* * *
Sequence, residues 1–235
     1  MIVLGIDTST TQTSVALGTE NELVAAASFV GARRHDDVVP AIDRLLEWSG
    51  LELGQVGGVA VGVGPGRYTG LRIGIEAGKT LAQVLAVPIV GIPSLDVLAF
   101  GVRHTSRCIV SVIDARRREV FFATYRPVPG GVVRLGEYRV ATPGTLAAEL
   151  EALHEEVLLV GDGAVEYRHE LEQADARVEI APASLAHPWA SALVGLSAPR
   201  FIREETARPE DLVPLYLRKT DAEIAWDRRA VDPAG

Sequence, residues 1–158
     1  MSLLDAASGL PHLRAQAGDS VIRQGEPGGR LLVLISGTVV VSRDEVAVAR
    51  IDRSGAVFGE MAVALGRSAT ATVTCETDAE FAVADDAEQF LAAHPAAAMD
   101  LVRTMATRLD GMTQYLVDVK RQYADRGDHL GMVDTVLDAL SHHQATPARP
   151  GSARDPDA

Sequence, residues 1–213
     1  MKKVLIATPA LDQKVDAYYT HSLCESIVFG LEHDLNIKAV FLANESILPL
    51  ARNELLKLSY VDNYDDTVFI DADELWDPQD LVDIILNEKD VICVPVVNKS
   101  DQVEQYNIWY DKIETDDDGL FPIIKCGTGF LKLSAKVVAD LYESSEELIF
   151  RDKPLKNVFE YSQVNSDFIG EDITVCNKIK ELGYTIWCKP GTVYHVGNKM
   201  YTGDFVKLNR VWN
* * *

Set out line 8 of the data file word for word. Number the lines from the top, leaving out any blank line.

     1  MSLLDAASGL PHLRAQAGDS VIRQGEPGGR LLVLISGTVV VSRDEVAVAR